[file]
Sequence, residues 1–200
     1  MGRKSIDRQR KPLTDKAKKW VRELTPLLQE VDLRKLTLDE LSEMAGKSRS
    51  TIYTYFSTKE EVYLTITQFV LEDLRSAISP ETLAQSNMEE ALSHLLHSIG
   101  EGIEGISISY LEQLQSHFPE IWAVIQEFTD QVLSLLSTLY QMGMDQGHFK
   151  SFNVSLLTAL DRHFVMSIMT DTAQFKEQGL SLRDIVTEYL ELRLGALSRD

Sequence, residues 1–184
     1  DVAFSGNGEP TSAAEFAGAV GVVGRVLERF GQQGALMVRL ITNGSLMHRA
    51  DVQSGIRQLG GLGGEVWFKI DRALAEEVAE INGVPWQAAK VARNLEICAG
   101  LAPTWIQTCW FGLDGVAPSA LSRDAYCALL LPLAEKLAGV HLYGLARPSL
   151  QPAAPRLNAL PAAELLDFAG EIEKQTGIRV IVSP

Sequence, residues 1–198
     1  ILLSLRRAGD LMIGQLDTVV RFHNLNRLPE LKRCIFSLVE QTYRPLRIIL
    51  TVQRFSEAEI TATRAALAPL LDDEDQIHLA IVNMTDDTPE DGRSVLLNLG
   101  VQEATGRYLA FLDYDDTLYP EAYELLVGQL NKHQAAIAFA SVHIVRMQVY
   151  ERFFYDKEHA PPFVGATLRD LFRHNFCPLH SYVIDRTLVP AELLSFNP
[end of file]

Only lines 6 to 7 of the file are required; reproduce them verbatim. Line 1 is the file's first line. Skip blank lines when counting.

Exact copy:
Sequence, residues 1–184
     1  DVAFSGNGEP TSAAEFAGAV GVVGRVLERF GQQGALMVRL ITNGSLMHRA